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Blackhawks banking on Alex DeBrincat-like production from Dylan Sikura

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For five games towards the end of a lost season, Chicago Blackhawks prospect Dylan Sikura got a taste of what life in the NHL might be like.

After a dominant career at Northeastern University, Sikura joined the Blackhawks and dished out a pair of assists in his first NHL game on March 29 before finishing his season with three assists total on April 7. It was a whirlwind week and change, but it was enough to affirm his standing as Chicago’s next top prospect and now he enters the 2018-19 season facing high expectations.

The Athletic’s Scott Powers slotted him as the No. 1 prospect in the Blackhawks system and pegged him for a position on the wing in one of the top two lines. Joel Quenneville floated Patrick Kane, Nick Schmaltz and Brandon Saad as a top line recently. That could mean a lot of ice time on the other line with captain Jonathan Toews and winger Alex DeBrincat, who burst on the scene last season and put concerns about his size (5-foot-7 and 165 pounds) to rest with 28 goals and 24 assists.

That sort of proximity to DeBrincat should shine a bright light on Sikura, who the Blackhawks need to be DeBrincat-like in terms of production to put a disastrous season in 2017-18 behind them. Because despite finally having some money to spend this offseason, the Blackhawks failed to attract much interest in free agency to plug their roster holes.

The organization will continue to work the phones in an effort to find a top-6 forward and a top-4 defenseman with their available salary cap space. However, if the current trend holds and they’re unable to pull off a trade, they’ll have to repair what’s broken internally.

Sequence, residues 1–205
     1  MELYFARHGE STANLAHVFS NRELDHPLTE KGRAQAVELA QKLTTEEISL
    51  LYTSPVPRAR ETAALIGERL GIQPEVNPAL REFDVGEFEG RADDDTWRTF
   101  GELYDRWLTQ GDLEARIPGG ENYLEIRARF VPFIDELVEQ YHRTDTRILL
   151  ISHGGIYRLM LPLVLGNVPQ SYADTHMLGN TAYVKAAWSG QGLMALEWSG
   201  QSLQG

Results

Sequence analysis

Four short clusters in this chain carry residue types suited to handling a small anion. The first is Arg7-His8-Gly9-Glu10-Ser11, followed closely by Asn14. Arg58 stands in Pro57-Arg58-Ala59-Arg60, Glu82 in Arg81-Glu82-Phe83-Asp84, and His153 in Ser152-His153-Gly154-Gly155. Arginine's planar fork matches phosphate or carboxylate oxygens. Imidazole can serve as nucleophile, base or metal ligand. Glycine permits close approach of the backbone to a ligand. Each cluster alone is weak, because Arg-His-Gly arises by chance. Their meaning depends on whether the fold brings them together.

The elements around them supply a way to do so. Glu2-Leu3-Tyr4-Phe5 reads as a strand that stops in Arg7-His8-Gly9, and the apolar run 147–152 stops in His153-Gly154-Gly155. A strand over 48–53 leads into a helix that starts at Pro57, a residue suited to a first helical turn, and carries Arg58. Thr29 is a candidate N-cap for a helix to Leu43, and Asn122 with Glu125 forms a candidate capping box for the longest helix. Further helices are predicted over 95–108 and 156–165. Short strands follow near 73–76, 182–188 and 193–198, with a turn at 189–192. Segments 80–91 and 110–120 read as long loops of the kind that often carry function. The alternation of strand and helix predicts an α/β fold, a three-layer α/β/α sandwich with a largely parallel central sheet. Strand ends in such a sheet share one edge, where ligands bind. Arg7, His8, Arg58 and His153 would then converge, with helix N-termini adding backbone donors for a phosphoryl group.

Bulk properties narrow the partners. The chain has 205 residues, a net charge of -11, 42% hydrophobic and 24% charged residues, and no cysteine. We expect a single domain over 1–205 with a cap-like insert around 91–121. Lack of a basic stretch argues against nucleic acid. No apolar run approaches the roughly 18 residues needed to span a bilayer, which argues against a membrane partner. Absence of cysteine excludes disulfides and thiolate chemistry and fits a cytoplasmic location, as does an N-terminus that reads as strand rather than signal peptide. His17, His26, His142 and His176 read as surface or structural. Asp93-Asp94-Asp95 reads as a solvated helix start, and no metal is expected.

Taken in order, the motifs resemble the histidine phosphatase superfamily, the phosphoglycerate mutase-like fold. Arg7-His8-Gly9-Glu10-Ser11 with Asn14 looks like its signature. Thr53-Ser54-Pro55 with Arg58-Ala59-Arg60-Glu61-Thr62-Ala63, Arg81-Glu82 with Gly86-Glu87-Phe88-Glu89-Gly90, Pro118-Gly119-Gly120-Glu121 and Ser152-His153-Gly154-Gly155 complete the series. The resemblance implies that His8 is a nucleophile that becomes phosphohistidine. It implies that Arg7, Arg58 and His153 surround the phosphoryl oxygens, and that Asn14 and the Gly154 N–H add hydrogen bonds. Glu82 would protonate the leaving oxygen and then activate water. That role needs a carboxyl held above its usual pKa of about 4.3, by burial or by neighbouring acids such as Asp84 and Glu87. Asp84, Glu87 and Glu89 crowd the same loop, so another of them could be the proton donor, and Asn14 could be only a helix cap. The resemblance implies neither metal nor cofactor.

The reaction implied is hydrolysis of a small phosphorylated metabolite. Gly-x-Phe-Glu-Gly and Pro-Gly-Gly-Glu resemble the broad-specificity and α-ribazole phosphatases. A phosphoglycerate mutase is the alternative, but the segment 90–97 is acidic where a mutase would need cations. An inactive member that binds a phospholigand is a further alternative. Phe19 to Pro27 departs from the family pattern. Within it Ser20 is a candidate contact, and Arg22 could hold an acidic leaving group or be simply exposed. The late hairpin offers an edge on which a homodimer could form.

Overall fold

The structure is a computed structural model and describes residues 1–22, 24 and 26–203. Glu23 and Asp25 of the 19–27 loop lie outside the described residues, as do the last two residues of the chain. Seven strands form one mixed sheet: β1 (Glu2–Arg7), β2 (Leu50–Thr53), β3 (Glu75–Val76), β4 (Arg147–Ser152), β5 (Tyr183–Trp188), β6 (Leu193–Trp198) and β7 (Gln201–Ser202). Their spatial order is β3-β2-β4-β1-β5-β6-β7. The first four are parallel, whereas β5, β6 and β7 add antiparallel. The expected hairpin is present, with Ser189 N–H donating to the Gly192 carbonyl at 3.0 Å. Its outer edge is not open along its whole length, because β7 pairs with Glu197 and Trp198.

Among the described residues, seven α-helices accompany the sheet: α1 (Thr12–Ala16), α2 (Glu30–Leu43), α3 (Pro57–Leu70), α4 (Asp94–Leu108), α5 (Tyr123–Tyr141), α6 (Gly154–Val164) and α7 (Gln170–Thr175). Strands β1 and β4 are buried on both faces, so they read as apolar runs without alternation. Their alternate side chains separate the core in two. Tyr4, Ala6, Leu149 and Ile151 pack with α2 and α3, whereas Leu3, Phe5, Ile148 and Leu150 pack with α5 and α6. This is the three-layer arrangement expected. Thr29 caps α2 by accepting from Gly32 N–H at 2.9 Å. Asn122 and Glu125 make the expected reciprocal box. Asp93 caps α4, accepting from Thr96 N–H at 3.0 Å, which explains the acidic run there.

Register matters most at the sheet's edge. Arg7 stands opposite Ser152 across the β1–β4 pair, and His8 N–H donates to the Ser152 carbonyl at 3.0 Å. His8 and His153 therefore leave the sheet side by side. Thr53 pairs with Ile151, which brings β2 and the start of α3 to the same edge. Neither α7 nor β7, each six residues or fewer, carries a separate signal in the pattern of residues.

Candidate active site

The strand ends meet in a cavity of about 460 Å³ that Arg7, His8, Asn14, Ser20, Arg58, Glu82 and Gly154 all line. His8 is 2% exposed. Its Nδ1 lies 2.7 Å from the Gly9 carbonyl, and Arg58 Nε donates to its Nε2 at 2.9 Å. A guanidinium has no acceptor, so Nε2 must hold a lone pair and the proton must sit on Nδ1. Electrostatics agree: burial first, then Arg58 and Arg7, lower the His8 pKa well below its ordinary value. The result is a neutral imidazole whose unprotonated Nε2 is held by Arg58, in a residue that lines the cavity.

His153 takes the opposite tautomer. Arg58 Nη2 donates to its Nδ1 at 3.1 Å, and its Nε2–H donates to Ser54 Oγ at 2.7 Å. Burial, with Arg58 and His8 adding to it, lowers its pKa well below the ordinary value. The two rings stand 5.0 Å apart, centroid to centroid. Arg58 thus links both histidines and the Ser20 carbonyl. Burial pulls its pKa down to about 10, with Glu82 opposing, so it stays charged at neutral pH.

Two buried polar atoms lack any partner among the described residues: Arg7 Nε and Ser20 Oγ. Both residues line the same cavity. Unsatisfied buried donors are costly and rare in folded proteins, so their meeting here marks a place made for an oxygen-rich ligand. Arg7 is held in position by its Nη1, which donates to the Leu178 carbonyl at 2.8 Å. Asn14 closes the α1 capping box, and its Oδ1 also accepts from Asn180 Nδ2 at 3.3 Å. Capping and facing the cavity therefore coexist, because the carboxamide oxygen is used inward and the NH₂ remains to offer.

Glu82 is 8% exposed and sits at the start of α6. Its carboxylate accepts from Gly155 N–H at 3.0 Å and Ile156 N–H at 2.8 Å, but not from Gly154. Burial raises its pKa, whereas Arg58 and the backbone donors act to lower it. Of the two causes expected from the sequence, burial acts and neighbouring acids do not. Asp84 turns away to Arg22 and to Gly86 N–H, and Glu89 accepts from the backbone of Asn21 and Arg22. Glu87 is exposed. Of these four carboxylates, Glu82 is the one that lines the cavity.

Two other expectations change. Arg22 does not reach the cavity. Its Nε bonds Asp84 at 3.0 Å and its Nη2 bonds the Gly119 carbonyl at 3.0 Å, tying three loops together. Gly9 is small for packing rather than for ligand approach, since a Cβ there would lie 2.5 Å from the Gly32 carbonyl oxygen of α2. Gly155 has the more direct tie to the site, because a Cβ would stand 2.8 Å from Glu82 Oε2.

Sikura won’t make or break those top two lines. Saad and Toews bouncing back and Schmaltz and DeBrincat continuing to develop are arguably all more important elements. But getting 50 points or more out of the 23-year-old left-hand shot will certainly help mask the fact that Stan Bowman made an effort in free agency and came up empty-handed.

And at the risk of sounding like hockey writing’s version of Gucci Gang, you have to trust Bowman when it comes to undersized forwards who can skate and have considerable skill. The organization has a pretty well detailed history of success with these types of players recently.

Sikura should fit in nicely as a playmaker on the left wing with an all-time great two-way center (Toews) and another playmaker verging on sniper (15.5 percent shooting percentage last year) in DeBrincat. It’s a line that makes sense and gives the Blackhawks options offensively, with Sikura having the potential to provide 30 assists or more with any recovery whatsoever in Toews’ shooting percentage.

But with all that being said, expecting it to be easy for a kid with five games of NHL experience isn’t exactly fair. Will his scoring touch translate to this level or will he be a defensive liability and put pressure additional pressure on Toews?

The Blackhawks can’t really afford him to be too one-note offensively and they certainly can’t afford him to create serious problems for them defensively with their issues on the blue line. Like with DeBrincat (sensing a theme yet?), Sikura’s ability to control possession will have to mask any challenges he presents on defense.

The organization is confident that he can do exactly that. For now, we’ll have to take them at their word.

Ryan Wooden is a full-time sports writer based in the Chicago suburbs. In addition to co-founding The Chicago Sports Column, he is a weekend editor for BetChicago and covers prep sports in DuPage County for the Daily Herald and Shaw Media. Find him away from the computer (or don't) on some body of water or some golf course somewhere.